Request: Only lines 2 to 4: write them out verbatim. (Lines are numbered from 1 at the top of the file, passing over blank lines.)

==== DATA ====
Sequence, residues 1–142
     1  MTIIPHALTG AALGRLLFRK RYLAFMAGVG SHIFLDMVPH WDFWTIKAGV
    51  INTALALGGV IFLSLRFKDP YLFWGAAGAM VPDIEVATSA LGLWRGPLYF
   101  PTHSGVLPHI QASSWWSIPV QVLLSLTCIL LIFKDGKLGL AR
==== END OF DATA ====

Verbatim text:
     1  MTIIPHALTG AALGRLLFRK RYLAFMAGVG SHIFLDMVPH WDFWTIKAGV
    51  INTALALGGV IFLSLRFKDP YLFWGAAGAM VPDIEVATSA LGLWRGPLYF
   101  PTHSGVLPHI QASSWWSIPV QVLLSLTCIL LIFKDGKLGL AR